Lillian Faderman's "To Believe in Women" is a classic example of what PC neologists call "herstory." It's lesbian history plucked out of obscurity and plunked down center stage -- sort of the dyke's equivalent of one of those Budweiser commercials where you land on an island populated entirely by Amazons, except this time they're all wearing blue stockings instead of string bikinis. You get to pretend for a while that at one time practically every formidable woman in America was gay, and if you're a dyke, it kinda makes you feel normal for about 10 minutes. If you're not a dyke, of course, the experience won't mean much to you, and there's nothing about Faderman's prose that would otherwise entice you to make the leap onto planet Lesbos.
But then again, Faderman, who has made a career out of writing lesbian herstory, isn't slaving away in the archival trenches because she wants to give you a good time. She's out to leave a record of a small but very real part of American life that, until a little over a decade ago, had never found its way into print, except distortedly in sexology manuals written by crackpots like Havelock Ellis and Richard von Krafft-Ebing. In this regard Faderman is an admirably unselfish scholar. Like her previous books ("Surpassing the Love of Men: Romantic Friendship and Love Between Women from the Renaissance to the Present," "Odd Girls and Twilight Lovers: A History of Lesbian Life in Twentieth-Century America"), "To Believe in Women" is a thorough and laudable piece of work that should stand up well in the eyes of future historians and curious lay people.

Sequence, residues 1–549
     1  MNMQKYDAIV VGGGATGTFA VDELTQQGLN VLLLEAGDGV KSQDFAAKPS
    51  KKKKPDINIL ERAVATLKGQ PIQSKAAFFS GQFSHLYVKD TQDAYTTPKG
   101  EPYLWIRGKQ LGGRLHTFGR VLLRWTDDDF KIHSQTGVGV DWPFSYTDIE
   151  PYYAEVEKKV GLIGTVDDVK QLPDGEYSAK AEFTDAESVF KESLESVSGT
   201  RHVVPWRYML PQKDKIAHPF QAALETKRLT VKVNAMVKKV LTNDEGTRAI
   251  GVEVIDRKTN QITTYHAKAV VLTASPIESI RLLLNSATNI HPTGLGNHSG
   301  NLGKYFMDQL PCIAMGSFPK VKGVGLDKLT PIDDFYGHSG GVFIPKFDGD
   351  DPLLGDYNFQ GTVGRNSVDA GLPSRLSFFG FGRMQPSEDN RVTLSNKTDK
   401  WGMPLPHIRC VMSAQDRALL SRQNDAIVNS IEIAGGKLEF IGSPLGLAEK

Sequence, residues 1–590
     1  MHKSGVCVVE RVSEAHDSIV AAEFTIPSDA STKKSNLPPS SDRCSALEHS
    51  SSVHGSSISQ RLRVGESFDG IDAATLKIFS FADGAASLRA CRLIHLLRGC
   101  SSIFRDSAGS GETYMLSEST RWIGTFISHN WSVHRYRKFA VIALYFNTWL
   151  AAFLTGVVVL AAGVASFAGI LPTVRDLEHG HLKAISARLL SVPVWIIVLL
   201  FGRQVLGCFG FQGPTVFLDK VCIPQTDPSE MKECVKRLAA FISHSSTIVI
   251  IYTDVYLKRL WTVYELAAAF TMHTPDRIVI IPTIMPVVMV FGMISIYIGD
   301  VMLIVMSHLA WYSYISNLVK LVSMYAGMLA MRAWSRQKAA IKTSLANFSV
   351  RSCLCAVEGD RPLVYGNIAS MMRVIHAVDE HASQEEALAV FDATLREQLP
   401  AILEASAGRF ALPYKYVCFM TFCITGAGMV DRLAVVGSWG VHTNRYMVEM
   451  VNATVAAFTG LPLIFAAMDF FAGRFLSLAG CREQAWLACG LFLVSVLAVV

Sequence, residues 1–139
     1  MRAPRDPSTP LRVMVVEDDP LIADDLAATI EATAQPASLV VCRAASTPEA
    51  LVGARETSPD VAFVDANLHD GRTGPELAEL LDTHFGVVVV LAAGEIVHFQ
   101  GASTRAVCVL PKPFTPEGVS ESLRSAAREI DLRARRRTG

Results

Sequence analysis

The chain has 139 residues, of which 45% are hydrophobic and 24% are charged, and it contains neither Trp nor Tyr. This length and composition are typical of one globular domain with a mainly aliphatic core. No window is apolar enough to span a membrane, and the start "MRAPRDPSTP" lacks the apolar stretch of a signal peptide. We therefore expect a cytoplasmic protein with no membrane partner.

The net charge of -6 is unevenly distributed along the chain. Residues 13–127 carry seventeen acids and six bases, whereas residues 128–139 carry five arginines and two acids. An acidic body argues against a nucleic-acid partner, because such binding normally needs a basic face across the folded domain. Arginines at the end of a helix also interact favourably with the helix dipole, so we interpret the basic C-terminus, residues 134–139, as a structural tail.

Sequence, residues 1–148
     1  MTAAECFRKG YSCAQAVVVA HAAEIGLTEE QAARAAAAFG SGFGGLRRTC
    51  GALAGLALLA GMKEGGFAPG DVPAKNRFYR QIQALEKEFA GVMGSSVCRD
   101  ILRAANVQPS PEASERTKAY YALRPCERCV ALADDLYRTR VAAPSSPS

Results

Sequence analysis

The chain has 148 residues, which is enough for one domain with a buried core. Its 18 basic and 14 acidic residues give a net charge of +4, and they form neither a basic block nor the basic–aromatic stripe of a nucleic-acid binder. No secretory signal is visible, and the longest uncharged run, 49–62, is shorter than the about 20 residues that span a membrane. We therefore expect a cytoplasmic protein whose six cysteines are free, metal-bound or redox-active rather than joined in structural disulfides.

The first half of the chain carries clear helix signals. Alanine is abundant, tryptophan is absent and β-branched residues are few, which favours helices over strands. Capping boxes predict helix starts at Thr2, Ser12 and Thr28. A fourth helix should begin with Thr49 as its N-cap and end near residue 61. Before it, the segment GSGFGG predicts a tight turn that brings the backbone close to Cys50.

Because "lesbian" is not a term anyone would have recognized before World War I, Faderman concerns herself chiefly with what she is careful to call "women of the late nineteenth and early twentieth centuries, whose chief sexual and/or affectional and domestic behaviors would have been called 'lesbian' if they had been observed in the years after 1920." She separates her various influential lesbians into four groups: suffragettes, social welfare pioneers, educators and professionals.
Of the suffragettes, Faderman writes: "From its inception, women's fight for the vote was largely led by women who loved other women ... Feminism was the theory, and lesbianism was the practice." Here, she meticulously reconstructs Susan B. Anthony's relationship with fellow suffragette Emily Gross; Women's Christian Temperance Union president Frances Willard's romantic cohabitation with Anna Gordon, a fellow activist, and subsequently with Kate Jackson, a locomotive heiress; the numerous passionate relationships of activist Anna Howard Shaw, onetime president of the National American Woman Suffrage Association, with women; and the intimacy of Carrie Chapman Catt, founder of the International Woman Suffrage Alliance, with fellow activist Mollie Hay.
In her section on social welfare pioneers, Faderman documents the lesbian attachments of Jane Addams, founder of the famous settlement house called Hull House. She begins: "Addams was responsible for awakening America's social conscience. That being so, how could she have been a lesbian?" By examining Addams' private correspondence, Faderman reveals the decidedly romantic quality of her subject's domestic partnerships with Ellen Starr (the co-founder of Hull House) and, later, with Mary Rozet Smith (a benefactor of Hull House). She likewise makes the case for lesbianism with early 20th century social reformer Frances Kellor.
In her last two sections, Faderman continues in this vein, identifying as "inverts" (to use Havelock Ellis' term) a host of less famous venturers, including various female academics, women's-college presidents, doctors and other professionals. This will bore you quickly if you're not an enthusiast, but you can pick up a few spicy factoids along the way to keep yourself occupied. The most memorable and amusing tidbit is Faderman's citation of a hilariously clever term for female homosexuality coined by the Hearst newspapers in the 1940s; the half-closeted lesbians among you can drop it into conversation. The next time you're at a stuffy cocktail party and somebody asks you if you have a boyfriend or a husband, you can say, "Nah, I'm in the doll racket."